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Written by Ariane, Dahija

This article is an extension of a post that I had written on the Budgie Dangers and Health forum. I had put some thought to it, and decided that people may benefit from a more general article about disinfection of various materials that could be found in a bird's life (or other pets you may own).

First, a bit of an explanation of the difference between normal cleaning and disinfecting. Cleaning is the process of removing mostly visible debris off a material, usually with soap and water, or some other cleaning solution that does not contain an anti-bacterial/anti-microbial component. Cleaning will get rid of many microbes by the act of wiping and rinsing, but some are left behind to breed. Bacteria can reproduce very quickly, some doubling their whole population every 20 minutes.

Disinfecting (sometimes called sanitizing), on the other hand, is the destruction and/or removal of microbes such as bacteria (E. coli, Salmonella, Stapholococcus spp. etc.), fungal spores (molds and mushroom-like organisms), viruses and other things you cannot readily see with the naked eye. These are the "nasties" that hide in the corner of the cage pan where your sponge does not quite reach. It may look clean, but in reality is crawling with many thousands of bacteria that could harm your beautiful bird if they are ingested or wind up in a open wound.

Different materials have to be disinfected with different solutions, depending on their composition, characteristics, or accessories. For example, using the oven to bake that new plastic food dish shaped like a green pepper would not be a very good idea. For one, you would end up with a pile of bubbling, green goo in the bottom of your oven, and possibly a fire within your oven. Secondly, burnt plastic can let off toxic fumes, bad for both your pets and yourself. So before you decide to disinfect anything, note what it's parts are made of, and whether each part can handle the specific treatment you are about to give the whole object.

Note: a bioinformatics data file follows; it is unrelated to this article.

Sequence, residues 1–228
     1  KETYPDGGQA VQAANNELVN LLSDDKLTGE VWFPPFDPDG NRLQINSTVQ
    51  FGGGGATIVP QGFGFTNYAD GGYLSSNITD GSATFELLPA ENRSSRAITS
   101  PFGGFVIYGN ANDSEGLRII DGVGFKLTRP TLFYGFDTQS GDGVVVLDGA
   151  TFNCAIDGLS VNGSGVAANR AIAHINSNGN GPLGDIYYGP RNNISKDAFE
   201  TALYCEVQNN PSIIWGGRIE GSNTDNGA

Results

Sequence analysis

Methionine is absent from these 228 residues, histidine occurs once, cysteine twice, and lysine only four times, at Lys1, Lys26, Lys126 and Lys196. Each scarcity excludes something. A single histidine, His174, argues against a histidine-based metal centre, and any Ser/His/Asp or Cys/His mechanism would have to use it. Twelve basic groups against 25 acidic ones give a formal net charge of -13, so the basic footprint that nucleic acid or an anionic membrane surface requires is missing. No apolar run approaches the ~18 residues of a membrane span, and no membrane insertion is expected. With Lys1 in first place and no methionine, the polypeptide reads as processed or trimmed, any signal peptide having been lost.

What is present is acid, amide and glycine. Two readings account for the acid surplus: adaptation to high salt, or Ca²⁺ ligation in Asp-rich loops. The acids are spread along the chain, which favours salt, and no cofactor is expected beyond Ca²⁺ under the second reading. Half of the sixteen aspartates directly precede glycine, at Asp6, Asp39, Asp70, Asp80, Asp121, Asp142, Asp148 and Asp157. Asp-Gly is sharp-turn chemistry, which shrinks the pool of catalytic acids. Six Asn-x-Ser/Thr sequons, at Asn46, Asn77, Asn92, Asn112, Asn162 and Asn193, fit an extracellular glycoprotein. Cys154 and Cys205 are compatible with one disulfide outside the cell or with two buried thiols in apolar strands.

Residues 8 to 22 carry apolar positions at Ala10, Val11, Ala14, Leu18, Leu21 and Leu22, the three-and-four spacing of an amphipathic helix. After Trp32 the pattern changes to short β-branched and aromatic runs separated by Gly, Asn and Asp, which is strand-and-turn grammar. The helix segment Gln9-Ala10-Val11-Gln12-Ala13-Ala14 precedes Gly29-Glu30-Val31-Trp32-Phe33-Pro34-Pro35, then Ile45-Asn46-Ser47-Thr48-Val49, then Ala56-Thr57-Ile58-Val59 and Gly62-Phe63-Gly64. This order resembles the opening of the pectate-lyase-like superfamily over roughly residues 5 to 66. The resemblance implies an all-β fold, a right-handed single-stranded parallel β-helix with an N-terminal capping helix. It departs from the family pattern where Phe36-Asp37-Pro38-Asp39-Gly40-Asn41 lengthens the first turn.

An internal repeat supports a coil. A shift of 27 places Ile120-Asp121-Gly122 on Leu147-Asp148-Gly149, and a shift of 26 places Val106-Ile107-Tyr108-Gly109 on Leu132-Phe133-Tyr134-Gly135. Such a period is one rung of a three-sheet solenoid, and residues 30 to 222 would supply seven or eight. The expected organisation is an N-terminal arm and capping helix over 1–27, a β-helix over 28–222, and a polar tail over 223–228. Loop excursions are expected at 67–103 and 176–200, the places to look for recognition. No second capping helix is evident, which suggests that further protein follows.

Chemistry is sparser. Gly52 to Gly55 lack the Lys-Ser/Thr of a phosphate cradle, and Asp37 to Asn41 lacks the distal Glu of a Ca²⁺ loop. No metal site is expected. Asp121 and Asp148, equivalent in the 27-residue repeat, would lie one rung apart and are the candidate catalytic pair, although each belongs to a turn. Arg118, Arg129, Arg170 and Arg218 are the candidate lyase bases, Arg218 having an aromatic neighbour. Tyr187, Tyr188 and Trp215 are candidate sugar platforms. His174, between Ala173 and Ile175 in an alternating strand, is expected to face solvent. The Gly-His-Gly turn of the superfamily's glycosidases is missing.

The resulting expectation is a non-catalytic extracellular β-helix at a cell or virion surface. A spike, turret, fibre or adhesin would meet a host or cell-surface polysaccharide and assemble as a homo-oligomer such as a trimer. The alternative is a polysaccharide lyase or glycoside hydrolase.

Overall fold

Chlorine Bleach and Water

A 5-10% bleach solution (10 parts water to 1 part bleach = 10%) can be used to disinfect most everything metal or plastic. It is very good for porous materials also, because it fills all holes and spaces, especially those you can't reach with a brush or sponge. Bleach kills the bacteria that cause bad odors, so items will smell better after a good disinfecting with bleach. I also recommend using hot water when possible. To start, remove as much solid debris as you can from the item. Immerse in bleach water solution for 20 to 30 minutes. If any debris still remains, scrub some more. Soak again. Rinse very well and allow to air dry, preferably in the sunshine. Any remaining chlorine will dissipate during the evaporation process; the sun just helps speed it along.

If you are cleaning a large cage that cannot be immersed, wipe the bleach water solution on all sides of the cage, working from the top down to make sure you reach all surfaces.. Let sit for 20 minutes or so. If you can, stand it in your shower to rinse it. If you rinse it outside with the water hose, the bleach solution may kill your grass or ornamental flowers. If the shower option is out of the question, the cage can be wiped with wet cloths until there no longer is a bleach smell. Remember that bleach is used to make clothes whiter, so if you have any cloth or plush toys, do not use chlorine bleach, it will discolor them.

You can also soak branches in a bleach solution and scrub off any "green stuff" (probably lichens and moss, but in case that it isn't, try to find a piece of wood without any). Rinse very well and let dry in the sun. The chlorine will dissipate if any remains, and if you are still worried about any residue clinging to the bark, you can rinse them again and let dry in the sun a second time to be safe. Stone, bones, and brick can be soaked overnight will no ill effects.

"Baking" in a Conventional Oven (DO NOT USE TOASTER OVEN)

Below are a couple of temperatures that I found to use myself, you probably could take a good guess based on what you're going to bake...just remember that these are just estimates and ALL attempts should be VERY closely supervised to assure no accidents occur, such as a broken oven door from an explosion or a burned down house. Please don't double the temperature and half the time thinking it will work just as well. Certain stones, such as slate WILL explode if it gets too hot (trust me, I was almost burned when a fire pit lined with pieces of slate exploded on me while I was camping a couple of years ago), and branches WILL start to scorch and burn. Put the item on aluminum foil in a preheated oven, heat for desired time, then turn off the oven and let it cool without taking out the item. The temps are all in degrees F, by the way.